Then, the trail breaks. The tide is in and a little lagoon has formed, drowning the path. The Talent frowns, worries about snakes in the water, fears that her sandals will be ruined. He moves then, wraps one arm around her and places one hand just below her butt and sweeps her off her feet, then, before she can protest, is wading through the knee-high water with her safe, dry, and laughing crazily as he ferries her to the other side. He pops her down on the far bank then stops, stares up at her. With her on the shore, and his feet in the water, they are nearly the same height, nearly, she has an inch or two on him. She leans down and brushes his lips with hers.

Romance, of a sort; they are both familiar with it.

Over the next few days he takes her out on his boat, dives and retrieves treasures from the seafloor that make her squirm – a starfish, a sea snake. They go on a long motorcycle ride up the coast, they share a bed, meals, a capsule of MDMA he scores for them, and in the intense hothouse of those days he learns everything about her; what her childhood was like, the first street she grew up on, her strained relationship with her parents, her mother’s maiden name. ‘I love dogs,’ he says, stopping to pet the lazy yellow hound who sleeps on the veranda of the Shanti Bar. ‘Did you ever have a dog? What was his name?’

Romance, of a sort; they are both familiar with it.

On her final night in town she drinks too much and Connor takes her back to her hotel room, cradles her head in his lap, trailing his fingertips through her hair until she drifts off. When she is snoring, he gently levers himself out from under her and carefully, slowly, retrieves her suitcase.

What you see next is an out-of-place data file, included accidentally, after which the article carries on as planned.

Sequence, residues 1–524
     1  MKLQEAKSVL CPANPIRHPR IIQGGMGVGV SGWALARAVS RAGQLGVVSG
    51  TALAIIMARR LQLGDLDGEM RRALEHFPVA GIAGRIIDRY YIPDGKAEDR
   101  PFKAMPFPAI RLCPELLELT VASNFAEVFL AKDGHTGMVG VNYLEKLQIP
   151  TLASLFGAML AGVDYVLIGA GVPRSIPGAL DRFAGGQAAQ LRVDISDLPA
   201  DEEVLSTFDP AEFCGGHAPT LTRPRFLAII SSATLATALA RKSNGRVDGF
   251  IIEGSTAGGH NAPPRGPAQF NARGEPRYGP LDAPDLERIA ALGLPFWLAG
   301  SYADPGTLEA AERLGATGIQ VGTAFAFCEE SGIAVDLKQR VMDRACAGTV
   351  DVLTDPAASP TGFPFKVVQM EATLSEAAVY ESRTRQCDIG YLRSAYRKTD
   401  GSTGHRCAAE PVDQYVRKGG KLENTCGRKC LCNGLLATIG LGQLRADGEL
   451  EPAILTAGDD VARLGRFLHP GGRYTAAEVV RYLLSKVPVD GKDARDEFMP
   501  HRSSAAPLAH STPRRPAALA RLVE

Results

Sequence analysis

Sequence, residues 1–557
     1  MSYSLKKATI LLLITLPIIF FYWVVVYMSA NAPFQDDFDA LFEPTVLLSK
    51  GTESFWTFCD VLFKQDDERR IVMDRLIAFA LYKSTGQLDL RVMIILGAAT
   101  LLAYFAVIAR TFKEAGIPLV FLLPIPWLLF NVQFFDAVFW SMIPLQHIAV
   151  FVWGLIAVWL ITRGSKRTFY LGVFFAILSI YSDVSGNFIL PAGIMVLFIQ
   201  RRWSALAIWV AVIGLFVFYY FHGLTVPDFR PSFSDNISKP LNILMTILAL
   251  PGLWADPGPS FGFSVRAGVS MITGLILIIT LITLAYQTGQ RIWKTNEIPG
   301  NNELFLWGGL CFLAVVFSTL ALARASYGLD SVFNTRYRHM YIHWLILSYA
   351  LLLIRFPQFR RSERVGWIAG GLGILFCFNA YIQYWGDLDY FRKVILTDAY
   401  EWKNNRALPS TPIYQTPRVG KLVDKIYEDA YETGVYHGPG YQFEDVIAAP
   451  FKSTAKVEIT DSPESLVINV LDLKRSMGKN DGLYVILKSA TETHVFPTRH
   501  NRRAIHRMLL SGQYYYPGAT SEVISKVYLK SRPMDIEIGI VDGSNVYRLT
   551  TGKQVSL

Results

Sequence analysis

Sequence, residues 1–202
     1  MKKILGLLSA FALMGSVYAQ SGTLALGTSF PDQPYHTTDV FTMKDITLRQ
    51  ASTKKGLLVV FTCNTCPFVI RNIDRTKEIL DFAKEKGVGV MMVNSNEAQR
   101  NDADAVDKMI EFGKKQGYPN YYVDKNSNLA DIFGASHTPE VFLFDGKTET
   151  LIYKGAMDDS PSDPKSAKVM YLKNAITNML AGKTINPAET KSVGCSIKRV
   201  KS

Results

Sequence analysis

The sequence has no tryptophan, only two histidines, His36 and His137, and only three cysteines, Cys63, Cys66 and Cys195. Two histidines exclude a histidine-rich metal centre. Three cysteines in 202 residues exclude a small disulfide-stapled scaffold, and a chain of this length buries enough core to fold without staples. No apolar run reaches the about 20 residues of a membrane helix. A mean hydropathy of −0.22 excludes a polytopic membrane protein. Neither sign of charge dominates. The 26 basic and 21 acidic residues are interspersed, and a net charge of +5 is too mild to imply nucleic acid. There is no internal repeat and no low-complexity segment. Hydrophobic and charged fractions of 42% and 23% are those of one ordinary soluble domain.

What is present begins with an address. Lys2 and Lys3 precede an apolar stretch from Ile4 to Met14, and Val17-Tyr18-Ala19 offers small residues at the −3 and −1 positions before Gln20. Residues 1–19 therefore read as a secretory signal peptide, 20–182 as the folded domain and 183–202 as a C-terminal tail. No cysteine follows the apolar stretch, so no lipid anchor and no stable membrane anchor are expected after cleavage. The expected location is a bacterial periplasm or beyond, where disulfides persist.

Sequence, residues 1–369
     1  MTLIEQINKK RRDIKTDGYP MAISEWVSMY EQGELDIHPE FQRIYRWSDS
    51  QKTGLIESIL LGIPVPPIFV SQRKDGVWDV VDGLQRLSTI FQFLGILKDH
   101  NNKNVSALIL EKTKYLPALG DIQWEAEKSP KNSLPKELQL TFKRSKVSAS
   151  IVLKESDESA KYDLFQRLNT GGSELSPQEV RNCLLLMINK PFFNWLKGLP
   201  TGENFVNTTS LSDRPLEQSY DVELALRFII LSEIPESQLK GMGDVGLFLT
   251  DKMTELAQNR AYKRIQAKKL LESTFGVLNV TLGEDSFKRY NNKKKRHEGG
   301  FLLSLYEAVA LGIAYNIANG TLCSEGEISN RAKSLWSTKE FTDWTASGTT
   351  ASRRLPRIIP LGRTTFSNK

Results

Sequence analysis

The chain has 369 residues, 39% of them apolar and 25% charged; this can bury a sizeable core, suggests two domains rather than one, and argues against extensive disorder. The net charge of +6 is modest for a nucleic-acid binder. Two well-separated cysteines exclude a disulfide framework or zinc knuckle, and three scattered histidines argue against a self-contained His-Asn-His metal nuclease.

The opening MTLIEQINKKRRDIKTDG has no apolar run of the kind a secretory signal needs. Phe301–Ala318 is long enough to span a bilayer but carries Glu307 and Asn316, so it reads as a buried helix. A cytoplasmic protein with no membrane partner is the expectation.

He starts with her wallet. She carries no more than a couple thousand rupees, the big bills on the inside, folded around a tattered hundred-rupee note. He pockets half, replaces the rest.

Very slowly he takes her hand, pinches the soft skin between her thumb and forefinger to test if she is near consciousness, and, when she doesn’t wake, gently presses her thumb on her phone’s fingerprint reader to unlock it, and the credit card he hopes are loaded there. No luck, but no matter.

He retrieves his own phone and photographs her credit cards, driver’s licence, passport, then carefully replaces them and gets back into bed, laces an arm around her hip, traces her collarbone with his lips as she stirs.

In the morning he’ll pass her details on to Baba, and if, months from now, back home in London, she wakes up to find her bank accounts emptied and her credit cards maxed out, well, she’ll be covered by travel insurance. And if questions are ever raised, there is enough corruption and low-end graft in this part of the world that any investigation would dissipate long before they could narrow in on Shanti Beach.

By then she will be half a world away, back in her weekend yoga class, and the theft will only be – like her holiday, like this night – part of a strange adventure.

When she leaves Shanti they kiss, chastely on the lips, a sort of formality to signal an end to the holiday fling, promise they will find each other on Facebook, knowing that they will not, and then she is gone, the bus rumbling over the hill and back to civilization.

This is an edited extract from Sweetness and Light by Liam Pieper, published by Penguin Random House Australia. Sweetness and Light is available to pre-order now at Readings.